Kawasaki Concours - Long-term Evaluation

Text: Chris Myers • Photography: Christian Neuhauser

Since its introduction in 1986, the largely unchanged Kawasaki Concours has inspired a loyal, some would say fanatical, following. The Concours Owners Group (COG) is well represented from coast to coast and beyond. This crew motors out of the woodwork for practically every motorcycle show and consistently show themselves to be some of the "ridin'-est" sons of guns around. What is it about this landmark sport tourer that keeps them rolling off the showroom floor year after year?

After nearly 20 years of burning up every type of road imaginable, dirt included, thank you, the Kawasaki Concours is still proving its worth and instigating grins everywhere. Very few models manage to stay around as long as the Concours, even fewer with a comparable minimum of updates. To say the original 19-year-old design has stood the test of time is undeniable. The bikes still sell and roll up the miles with the best of them. And a machine graced with precious few changes over the years can have its advantages. Parts are easy to find, the sheer number of riders willing to share their knowledge is certainly invaluable, and the reach of the COG is near limitless. At the same time, a bike rarely updated will invariably begin to show its age.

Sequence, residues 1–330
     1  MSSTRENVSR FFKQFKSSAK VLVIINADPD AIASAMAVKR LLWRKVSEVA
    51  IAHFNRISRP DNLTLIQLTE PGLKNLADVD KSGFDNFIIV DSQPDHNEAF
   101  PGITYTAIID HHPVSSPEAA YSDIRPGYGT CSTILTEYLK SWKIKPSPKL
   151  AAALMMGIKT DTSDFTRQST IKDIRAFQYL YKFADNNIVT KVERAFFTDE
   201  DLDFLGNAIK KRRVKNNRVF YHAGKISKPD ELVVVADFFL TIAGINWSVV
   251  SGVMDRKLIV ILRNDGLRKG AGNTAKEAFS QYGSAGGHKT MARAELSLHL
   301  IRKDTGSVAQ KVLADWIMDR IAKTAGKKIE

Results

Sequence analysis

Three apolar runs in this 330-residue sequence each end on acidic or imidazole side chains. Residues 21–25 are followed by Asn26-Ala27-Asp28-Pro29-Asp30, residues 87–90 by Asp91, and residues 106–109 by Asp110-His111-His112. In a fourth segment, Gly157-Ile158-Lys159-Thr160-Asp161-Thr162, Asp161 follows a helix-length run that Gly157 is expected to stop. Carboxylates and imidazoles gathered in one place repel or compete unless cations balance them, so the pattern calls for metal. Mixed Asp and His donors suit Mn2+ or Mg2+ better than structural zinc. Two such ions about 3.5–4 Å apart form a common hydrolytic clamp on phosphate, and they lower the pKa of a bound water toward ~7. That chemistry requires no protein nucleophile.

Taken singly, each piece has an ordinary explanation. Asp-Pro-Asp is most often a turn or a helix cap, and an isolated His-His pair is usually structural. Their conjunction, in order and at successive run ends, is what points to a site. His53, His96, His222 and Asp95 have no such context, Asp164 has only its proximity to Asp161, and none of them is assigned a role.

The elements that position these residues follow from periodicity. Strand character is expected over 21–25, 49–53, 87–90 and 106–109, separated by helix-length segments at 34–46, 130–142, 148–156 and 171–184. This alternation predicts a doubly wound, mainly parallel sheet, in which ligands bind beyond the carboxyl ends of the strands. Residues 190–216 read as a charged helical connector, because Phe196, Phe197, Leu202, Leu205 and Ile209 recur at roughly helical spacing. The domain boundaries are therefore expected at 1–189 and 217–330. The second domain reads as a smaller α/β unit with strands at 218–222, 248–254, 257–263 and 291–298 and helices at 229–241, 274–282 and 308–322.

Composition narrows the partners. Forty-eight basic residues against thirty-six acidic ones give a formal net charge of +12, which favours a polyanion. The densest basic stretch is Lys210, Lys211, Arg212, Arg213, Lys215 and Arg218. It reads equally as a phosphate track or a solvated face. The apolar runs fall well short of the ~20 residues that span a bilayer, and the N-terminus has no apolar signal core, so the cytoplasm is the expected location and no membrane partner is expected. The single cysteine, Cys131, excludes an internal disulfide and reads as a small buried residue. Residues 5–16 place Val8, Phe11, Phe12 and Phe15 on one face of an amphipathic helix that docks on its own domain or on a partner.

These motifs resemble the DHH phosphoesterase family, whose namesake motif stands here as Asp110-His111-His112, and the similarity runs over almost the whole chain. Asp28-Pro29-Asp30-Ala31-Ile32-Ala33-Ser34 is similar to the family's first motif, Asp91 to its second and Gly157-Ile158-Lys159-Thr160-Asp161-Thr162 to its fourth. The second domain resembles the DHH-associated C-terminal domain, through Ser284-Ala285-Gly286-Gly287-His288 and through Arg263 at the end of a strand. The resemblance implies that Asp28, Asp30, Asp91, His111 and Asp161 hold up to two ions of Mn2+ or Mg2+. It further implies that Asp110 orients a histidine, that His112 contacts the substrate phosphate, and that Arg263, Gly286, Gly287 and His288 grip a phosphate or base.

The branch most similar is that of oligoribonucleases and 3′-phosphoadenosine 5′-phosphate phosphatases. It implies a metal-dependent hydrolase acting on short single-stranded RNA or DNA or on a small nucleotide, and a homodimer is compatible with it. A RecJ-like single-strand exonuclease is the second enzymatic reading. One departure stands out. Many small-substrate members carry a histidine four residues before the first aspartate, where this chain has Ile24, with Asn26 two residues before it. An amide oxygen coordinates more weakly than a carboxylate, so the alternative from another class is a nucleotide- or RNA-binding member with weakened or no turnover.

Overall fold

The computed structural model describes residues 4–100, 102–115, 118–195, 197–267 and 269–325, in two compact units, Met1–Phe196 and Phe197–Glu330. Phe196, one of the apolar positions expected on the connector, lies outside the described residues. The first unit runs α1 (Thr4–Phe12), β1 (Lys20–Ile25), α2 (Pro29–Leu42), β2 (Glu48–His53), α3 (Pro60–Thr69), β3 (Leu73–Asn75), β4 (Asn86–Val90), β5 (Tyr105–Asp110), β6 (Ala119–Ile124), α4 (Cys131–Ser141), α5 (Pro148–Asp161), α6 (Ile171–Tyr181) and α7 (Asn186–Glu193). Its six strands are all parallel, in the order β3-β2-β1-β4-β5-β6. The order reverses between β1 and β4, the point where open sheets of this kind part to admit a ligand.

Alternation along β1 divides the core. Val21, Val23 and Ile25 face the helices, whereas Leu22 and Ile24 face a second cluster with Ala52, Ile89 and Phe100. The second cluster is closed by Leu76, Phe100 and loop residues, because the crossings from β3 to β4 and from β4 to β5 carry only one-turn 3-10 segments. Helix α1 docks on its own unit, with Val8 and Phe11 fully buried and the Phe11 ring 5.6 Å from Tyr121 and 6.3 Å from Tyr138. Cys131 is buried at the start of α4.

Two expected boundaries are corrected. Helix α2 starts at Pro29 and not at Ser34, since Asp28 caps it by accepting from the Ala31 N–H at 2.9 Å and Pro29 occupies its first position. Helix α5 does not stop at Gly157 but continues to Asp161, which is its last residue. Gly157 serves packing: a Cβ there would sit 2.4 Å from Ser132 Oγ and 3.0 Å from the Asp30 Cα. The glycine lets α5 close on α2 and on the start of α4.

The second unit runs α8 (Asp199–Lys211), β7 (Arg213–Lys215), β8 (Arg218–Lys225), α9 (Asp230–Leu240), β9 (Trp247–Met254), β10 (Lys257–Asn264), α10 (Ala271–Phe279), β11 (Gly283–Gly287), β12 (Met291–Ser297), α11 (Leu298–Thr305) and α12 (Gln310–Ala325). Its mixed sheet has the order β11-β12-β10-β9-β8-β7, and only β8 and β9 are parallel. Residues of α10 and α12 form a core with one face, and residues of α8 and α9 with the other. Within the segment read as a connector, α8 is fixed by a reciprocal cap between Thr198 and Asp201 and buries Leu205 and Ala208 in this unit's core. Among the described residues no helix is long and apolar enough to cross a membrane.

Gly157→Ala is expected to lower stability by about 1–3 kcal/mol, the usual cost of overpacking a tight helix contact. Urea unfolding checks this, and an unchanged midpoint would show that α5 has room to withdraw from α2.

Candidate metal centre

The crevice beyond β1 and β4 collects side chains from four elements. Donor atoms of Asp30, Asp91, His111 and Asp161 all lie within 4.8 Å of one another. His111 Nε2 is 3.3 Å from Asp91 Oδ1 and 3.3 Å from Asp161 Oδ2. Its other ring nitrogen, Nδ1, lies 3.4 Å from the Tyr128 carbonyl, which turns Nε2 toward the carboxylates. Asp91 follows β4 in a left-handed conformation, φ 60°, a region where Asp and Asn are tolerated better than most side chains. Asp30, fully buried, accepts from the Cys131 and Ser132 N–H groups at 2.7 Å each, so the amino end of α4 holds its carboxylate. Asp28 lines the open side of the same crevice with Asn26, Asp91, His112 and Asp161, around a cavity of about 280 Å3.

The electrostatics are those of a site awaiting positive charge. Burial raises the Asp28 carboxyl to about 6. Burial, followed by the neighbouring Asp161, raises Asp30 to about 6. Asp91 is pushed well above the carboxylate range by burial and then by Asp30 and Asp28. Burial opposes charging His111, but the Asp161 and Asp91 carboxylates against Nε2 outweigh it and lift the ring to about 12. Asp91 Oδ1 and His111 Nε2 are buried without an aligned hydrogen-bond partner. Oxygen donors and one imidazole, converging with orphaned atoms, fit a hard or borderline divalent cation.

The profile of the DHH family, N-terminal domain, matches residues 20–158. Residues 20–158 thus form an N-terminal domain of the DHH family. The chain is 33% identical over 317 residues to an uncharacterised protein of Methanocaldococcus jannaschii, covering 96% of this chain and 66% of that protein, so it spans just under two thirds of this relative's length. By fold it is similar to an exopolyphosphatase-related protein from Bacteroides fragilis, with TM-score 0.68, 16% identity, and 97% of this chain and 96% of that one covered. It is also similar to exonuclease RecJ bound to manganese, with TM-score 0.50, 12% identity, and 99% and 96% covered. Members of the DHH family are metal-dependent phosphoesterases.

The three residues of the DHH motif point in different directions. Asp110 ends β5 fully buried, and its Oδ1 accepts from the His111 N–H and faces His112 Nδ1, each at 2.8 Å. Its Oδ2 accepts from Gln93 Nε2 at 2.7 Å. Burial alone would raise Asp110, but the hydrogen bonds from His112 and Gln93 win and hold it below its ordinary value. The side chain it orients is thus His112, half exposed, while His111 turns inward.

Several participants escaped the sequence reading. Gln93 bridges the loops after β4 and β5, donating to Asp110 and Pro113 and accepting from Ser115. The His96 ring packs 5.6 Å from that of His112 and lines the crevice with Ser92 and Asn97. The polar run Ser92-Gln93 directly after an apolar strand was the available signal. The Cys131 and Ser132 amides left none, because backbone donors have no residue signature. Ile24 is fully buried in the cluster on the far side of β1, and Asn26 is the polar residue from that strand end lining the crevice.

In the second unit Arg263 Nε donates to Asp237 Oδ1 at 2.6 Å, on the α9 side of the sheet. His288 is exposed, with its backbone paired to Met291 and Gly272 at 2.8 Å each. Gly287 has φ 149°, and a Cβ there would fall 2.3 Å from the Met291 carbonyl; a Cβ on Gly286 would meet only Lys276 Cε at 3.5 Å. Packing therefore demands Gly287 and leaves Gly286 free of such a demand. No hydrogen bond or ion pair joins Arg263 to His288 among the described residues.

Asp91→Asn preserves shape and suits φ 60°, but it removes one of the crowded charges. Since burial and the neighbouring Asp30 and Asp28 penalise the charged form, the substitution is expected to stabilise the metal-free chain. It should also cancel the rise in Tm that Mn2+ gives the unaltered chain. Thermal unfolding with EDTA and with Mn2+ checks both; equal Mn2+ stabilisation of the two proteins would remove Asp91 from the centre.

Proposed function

Chassis and Brakes
The Concours chassis has aged particularly well. Solid, predictable handling is one aspect of this machine that always has and still does shine. The rigid high tensile steel frame makes for easy riding whether loping along through the country or aggressively carving up mountain roads. Mated with the preload adjustable 41mm forks and the air/rebound adjustable rear shock, the ride can be easily dialed in to suit most any rider's needs. I've ridden this bike on every type of road imaginable and the Concours has yet to throw a curveball my way. Even a fair spell on a dirt road in Missouri didn't upset the applecart. At one point I looked down and realized I was going 60mph. Now that's a display of confidence. I'll bet they could have seen the dust cloud in St. Louis.